RCS again? Yes, really, says Synchronoss CEO
A decade ago, operators made substantial investments in rich communications services (RCS) infrastructure but the promise never came to fruition and RCS became just another rusting hulk in the scrapyard of technological three-letter acronyms. Now, with operators desperate to monetise 5G and bring new experiences to customers, RCS infrastructure is being dusted off and primed for a second chance at success, Glenn Lurie, the president chief executive of Synchronoss, tells George Malim.
Lurie’s belief is borne out by focus group conversations conducted by Synchronoss which have brought together dozens of US consumers of all ages to discuss their mobile messaging habits. From these, and its experience with RCS in Japan, Synchronoss says it is able to show the value of the technology to operators and brands in terms of increasing subscriber engagement and creating new revenue.
George Malim: I didn’t expect to ever have another conversation about RCS, why has it jumped back from the dead?
Glenn Lurie: I think a few things have happened and trends around the globe have woken up the carriers to a new thought process. Over-the-top (OTT) players have gained lots of traction, especially in Asia with players like WeChat in China and Line in South Korea dominating their markets. Carriers are reacting to that.
Another key point is that carriers are in a very different place to where they were ten years ago when RCS was introduced. They put in the infrastructure around RCS and didn’t do much with it. Now, they’re looking at 5G with tons of capex and wondering how to get a return.
Close to 70% of the Chinese population go into WeChat every day and stay there. They’ve disintermediated the customer experience and people say within WeChat for taxis, food order, socialising and communication.
Carriers see that as a great opportunity and also fear they could get disintermediated themselves.
GM: What sets operator-provided RCS messaging apart from WhatsApp, Facebook, Apple and others’ messaging services? Can operators differentiate on privacy and security?
GL: The things that comes out loud and clear is trust. Carriers have good relationships with their customers and trust them with their data. This is so important when you think of the last ten years in terms of what you do on the device.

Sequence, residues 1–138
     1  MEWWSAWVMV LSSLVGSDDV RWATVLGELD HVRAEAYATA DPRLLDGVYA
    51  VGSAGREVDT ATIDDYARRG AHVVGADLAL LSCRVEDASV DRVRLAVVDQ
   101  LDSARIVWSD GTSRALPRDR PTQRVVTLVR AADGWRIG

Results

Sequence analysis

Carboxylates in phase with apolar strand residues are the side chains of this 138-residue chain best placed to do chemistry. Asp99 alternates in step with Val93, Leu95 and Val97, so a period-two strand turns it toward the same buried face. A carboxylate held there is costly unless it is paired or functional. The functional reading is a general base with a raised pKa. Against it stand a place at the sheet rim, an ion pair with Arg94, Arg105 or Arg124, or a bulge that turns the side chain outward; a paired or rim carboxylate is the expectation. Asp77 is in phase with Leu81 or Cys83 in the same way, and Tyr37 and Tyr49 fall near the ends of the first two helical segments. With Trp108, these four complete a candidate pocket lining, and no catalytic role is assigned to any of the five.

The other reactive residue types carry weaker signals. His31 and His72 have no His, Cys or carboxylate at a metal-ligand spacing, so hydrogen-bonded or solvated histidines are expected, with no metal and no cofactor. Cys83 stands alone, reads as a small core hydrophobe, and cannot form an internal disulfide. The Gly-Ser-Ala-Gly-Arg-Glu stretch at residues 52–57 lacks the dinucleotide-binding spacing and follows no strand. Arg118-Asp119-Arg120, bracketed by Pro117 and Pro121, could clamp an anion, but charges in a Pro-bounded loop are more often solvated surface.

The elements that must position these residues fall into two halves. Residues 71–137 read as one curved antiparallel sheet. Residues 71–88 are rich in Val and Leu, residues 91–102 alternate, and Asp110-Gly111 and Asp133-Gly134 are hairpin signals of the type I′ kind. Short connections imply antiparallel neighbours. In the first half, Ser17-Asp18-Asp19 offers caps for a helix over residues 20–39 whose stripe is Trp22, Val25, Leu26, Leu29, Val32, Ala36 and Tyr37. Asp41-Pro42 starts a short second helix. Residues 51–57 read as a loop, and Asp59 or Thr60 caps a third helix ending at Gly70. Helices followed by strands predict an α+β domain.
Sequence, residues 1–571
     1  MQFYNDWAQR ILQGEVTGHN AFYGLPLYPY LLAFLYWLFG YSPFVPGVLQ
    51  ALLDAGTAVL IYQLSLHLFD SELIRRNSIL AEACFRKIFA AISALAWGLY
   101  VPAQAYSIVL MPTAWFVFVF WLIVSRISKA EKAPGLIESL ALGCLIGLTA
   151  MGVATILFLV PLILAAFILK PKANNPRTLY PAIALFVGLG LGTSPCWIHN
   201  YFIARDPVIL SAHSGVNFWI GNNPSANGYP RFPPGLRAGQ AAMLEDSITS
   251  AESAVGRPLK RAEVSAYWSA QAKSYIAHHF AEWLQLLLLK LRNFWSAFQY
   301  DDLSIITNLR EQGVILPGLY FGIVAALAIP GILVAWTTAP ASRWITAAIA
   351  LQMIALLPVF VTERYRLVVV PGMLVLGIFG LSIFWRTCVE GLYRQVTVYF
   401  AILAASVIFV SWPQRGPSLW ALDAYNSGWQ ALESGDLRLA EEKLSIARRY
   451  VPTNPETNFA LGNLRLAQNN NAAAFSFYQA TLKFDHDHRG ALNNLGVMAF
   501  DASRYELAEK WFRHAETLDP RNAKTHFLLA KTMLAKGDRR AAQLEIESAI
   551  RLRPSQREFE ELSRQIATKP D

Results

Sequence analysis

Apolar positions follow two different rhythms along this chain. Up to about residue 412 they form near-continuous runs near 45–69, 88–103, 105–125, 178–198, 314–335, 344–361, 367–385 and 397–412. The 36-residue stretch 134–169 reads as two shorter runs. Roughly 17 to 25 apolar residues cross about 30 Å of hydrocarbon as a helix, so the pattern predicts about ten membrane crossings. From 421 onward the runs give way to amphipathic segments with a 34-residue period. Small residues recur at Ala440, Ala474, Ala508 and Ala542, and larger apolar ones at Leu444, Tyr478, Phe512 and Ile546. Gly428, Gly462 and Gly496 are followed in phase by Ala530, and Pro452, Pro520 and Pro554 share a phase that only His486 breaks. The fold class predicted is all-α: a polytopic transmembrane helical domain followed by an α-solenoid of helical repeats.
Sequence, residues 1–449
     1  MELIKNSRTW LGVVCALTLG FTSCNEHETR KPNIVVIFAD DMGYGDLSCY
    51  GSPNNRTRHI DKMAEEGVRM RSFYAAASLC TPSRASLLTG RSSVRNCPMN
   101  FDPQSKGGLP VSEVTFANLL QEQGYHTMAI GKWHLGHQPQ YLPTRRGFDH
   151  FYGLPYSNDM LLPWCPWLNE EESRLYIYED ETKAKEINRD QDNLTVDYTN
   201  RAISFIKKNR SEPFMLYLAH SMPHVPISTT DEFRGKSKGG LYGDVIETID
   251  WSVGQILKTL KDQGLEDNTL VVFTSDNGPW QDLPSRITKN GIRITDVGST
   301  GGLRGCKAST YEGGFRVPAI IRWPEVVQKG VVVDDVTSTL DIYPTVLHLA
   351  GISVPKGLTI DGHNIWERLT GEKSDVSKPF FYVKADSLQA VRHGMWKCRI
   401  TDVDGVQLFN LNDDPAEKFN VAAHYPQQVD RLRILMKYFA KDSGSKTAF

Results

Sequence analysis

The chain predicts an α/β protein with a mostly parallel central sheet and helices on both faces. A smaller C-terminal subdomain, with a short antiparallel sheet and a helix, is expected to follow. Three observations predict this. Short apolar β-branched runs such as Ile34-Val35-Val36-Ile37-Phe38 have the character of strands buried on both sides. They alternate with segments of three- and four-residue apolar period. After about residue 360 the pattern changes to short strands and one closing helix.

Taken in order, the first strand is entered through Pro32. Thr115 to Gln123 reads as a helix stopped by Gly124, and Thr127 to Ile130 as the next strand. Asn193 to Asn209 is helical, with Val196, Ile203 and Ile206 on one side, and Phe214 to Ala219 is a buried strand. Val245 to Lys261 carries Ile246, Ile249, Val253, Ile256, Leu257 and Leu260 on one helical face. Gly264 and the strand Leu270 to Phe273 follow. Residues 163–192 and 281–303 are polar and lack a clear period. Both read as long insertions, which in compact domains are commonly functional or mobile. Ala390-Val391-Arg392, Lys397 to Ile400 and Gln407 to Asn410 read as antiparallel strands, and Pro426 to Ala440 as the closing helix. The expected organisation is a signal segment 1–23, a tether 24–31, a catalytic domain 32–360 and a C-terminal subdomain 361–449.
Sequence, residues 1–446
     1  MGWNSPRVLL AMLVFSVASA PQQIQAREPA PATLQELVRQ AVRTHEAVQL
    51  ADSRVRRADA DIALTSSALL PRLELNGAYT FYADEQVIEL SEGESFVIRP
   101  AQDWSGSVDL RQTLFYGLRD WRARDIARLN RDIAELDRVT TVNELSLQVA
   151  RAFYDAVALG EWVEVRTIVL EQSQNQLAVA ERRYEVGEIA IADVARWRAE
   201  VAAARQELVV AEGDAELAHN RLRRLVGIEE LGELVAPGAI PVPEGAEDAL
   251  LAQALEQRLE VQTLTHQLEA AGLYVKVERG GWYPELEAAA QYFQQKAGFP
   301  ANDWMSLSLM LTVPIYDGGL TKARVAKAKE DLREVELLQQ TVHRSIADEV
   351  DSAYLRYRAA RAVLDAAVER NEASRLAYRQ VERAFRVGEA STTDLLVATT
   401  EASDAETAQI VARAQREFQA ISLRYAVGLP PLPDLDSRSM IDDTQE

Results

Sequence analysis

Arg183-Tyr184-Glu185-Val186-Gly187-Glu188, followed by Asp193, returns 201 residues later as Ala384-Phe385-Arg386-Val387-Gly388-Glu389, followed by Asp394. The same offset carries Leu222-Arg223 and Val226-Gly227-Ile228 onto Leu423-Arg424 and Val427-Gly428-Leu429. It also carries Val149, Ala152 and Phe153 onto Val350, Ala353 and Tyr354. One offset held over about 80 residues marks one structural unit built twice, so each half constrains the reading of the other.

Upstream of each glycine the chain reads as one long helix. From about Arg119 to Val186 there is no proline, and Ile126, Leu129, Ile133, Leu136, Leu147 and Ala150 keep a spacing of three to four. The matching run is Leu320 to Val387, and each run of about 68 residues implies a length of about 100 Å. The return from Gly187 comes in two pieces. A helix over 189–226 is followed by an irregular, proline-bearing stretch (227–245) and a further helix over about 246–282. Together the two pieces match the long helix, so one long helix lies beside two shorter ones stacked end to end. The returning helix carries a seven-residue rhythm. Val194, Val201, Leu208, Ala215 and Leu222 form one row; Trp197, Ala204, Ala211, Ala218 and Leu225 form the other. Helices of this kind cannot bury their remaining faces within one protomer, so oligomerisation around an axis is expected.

Carriers therefore have the opportunity to bring interoperability between services and to make it frictionless for the customer. They can present other opportunities and contain customer journeys within their four walls.
The challenge for them is to go out and get eyeballs and people who will utilise their RCS. Synchronoss is in Japan and the experience there is similar to the one we are going to have in the US. The key is for carriers to go out and market this understanding that they have this value and can offer the experience to customers.
Having an app to run your life is really a great vision. It gives the opportunity not just to have all their favourite people and brands and have experiences around them in a very unique way without having to flop from app to app. It’s going to be a big experience builder.
Don’t forget this is a one-to-one relationship of brand to smartphone and the amount of data and feedback is going to be the best there is.
GM: Where’s the money?
GL: To operate RCS, the money comes from the operators but the reasons are two-fold. You’re building it as a tool for your customers but also because if you don’t build it someone else will and your customers’ daily interactions will then be with someone else.
In terms of the business model, it will start out as application-to-peer and soon be peer-to-peer. At the same time, the next level of working with brands to build campaigns and get personal will emerge. This is customer-driven. It’s not like SMS or email – the customer drives the interaction.
We’ve talked to large advertisers and asked if there could be a third choice in the mobile advertising space after Google and Facebook and there is good potential if carriers can get the adoption in large markets like the US or Canada to get in the mix.
Of course, adoption depends on how old you are but if the products and services are pertinent and there’s trust, there’s an opportunity for carriers. Why would you go to an OTT and trust them with your photos, social media, banking and credit card information?
My opinion is that every carrier in the world is going to have to do something. If you don’t, messaging services will disintermediate you and take all the revenue opportunities up in the stack.